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Computer vision experts from the University of Bristol are part of a new consortium, led by BT, driving the technology that will revolutionise the way we consume live events, from sports such as MotoGP and boxing, to dance classes.

The 5G Edge-XR project, one of seven projects funded by the Department for Digital, Culture, Media & Sport (DCMS) as part of its 5G Create programme, aims to demonstrate new exciting ways that live sport and arts can be delivered remotely using immersive Virtual and Augmented Reality (VR/AR) technology combined with the new 5G network and advanced edge computing.

The 5G Edge-XR consortium, which is led by BT, also includes; The GRID Factory, Condense Reality, Salsa Sound, and Dance East. The project started in September 2020 and will run until March 2022, with a budget of over £4M, with £1.5M coming from DCMS.

The University of Bristol team is based in

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Its virtual RevolveU conference is the latest example of the company’s marketing pivot, due to the ongoing Covid-19 pandemic.

Revolve’s influencer-filled, made-for-Instagram events, which span from tropical vacations to full-blown music festivals, are not only central to its business — it’s one of the things the retailer, known for glitzy party dresses, colorful swimwear and other #OOTD-friendly wares, has become synonymous with. 

The company had big plans for 2020, before the Covid-19 pandemic led to global lockdowns and stay-at-home orders. “We actually felt like this year, of all the years, was the most organized we’ve ever been,” Raissa Gerona, Revolve’s Chief Brand Officer, says, on a Zoom call in September, thinking back to the beginning of the year. On the docket was Revolve Festival during Coachella, a Revolve Around the World trip to Cannes for the French Grand Prix in June, Revolve Summer in July, the inaugural Revolve U in

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Apple halts fee on Facebook paid online events

September 27, 2020 | technology | No Comments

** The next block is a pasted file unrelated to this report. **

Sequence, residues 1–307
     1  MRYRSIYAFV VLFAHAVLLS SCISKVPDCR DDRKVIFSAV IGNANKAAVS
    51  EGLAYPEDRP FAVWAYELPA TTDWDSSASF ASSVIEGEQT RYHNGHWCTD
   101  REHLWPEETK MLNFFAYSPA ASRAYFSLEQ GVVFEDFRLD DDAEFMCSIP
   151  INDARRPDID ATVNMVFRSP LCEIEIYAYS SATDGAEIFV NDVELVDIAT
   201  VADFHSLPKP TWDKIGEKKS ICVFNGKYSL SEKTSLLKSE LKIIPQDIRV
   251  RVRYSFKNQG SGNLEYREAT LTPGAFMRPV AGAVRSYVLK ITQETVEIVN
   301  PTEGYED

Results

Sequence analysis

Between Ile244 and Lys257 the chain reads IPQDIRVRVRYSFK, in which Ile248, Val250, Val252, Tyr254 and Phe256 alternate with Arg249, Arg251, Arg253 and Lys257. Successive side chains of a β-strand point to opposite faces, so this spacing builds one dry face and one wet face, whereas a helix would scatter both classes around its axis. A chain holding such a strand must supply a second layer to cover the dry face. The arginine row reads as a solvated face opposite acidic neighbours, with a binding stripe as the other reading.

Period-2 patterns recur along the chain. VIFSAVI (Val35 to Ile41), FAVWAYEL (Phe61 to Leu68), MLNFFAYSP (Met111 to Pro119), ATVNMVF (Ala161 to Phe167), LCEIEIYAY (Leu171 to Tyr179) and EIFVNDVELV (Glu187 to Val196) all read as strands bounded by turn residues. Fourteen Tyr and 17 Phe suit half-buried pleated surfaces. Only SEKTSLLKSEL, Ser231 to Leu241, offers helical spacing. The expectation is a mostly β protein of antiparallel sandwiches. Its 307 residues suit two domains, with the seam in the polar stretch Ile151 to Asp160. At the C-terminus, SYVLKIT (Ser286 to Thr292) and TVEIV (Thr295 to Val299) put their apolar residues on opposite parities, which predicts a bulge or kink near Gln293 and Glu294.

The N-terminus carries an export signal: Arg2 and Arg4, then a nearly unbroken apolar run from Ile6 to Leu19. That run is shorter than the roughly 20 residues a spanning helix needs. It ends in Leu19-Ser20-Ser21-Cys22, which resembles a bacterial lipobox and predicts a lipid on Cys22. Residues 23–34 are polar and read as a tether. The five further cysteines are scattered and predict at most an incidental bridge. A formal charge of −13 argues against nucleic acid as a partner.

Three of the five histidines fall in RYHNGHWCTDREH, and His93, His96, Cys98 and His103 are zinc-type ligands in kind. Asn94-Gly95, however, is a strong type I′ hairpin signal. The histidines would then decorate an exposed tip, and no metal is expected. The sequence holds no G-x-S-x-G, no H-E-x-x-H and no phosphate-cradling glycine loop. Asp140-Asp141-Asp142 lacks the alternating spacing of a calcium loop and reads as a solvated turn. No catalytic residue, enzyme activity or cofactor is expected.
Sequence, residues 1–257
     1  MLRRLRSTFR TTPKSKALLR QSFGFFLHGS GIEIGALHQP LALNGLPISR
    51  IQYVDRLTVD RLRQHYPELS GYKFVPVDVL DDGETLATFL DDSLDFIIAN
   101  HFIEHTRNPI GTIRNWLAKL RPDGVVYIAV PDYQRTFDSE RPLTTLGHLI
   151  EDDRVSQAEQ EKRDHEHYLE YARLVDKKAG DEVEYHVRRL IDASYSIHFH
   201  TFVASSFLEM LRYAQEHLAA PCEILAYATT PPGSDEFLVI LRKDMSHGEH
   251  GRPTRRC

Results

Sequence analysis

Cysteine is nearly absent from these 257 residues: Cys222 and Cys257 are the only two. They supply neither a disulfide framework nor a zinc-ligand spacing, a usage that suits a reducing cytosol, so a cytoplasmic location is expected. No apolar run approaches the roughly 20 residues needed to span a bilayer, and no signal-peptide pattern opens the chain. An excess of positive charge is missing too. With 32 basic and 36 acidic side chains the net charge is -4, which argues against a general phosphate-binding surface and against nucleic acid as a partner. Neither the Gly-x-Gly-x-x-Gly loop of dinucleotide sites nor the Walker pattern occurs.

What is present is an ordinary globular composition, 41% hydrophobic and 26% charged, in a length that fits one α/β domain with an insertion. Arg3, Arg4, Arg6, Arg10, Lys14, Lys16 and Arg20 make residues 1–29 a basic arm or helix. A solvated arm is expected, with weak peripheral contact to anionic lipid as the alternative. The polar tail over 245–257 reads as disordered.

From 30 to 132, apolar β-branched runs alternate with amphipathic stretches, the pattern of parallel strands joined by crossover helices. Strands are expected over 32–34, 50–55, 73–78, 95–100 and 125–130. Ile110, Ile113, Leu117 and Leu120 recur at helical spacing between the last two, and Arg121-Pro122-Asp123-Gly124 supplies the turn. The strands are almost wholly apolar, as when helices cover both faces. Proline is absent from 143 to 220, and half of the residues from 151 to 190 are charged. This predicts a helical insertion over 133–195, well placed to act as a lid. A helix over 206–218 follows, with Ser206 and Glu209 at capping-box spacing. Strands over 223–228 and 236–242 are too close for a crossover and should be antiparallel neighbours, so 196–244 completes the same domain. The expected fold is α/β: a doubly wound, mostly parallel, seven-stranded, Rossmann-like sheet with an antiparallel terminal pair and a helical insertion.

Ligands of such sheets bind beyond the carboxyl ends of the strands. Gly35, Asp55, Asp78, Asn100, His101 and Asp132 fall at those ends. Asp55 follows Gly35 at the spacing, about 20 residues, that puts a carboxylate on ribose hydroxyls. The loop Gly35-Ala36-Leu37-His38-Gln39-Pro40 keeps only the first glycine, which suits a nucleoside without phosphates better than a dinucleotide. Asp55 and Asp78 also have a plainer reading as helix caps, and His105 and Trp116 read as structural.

Apple will no longer collect a 30% fee on Facebook’s paid online events.


James Martin/CNET

For the remainder of 2020, Apple will stop collecting a 30% App Store tax for Facebook’s paid online events feature, which is geared toward helping small businesses make money during the coronavirus pandemic. On Friday, Facebook said businesses can now keep all their earnings from paid online events, minus applicable taxes, until Dec. 31. 

Facebook Pay will be used to process all paid online events purchases, which means businesses and creators won’t have to pay that 30% App Store tax through the rest of the year. 

“This is a difficult time for small businesses and creators, which is why we are not collecting any fees from paid online events while communities remain closed for the

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Now, Apple has agreed to let Facebook Pay process all paid online event purchases. This means Facebook can absorb the cost, and Apple won’t get a cut. But this agreement only lasts until December 31st.

“Apple has agreed to provide a brief, three-month respite after which struggling businesses will have to, yet again, pay Apple the full 30 percent App Store tax,” a Facebook spokesperson said. Facebook will not collect fees until August 2021.

The other big catch is that Facebook Gaming creators are left out of the deal. They’ll still have to hand over 30 percent of earnings that come through the iOS app.

“Apple’s decision to not collect its 30 percent tax on paid online events comes with a catch: gaming creators are excluded from using Facebook Pay in paid online events on iOS,” said Vivek Sharma, VP of Facebook Gaming. “We unfortunately had to make this concession

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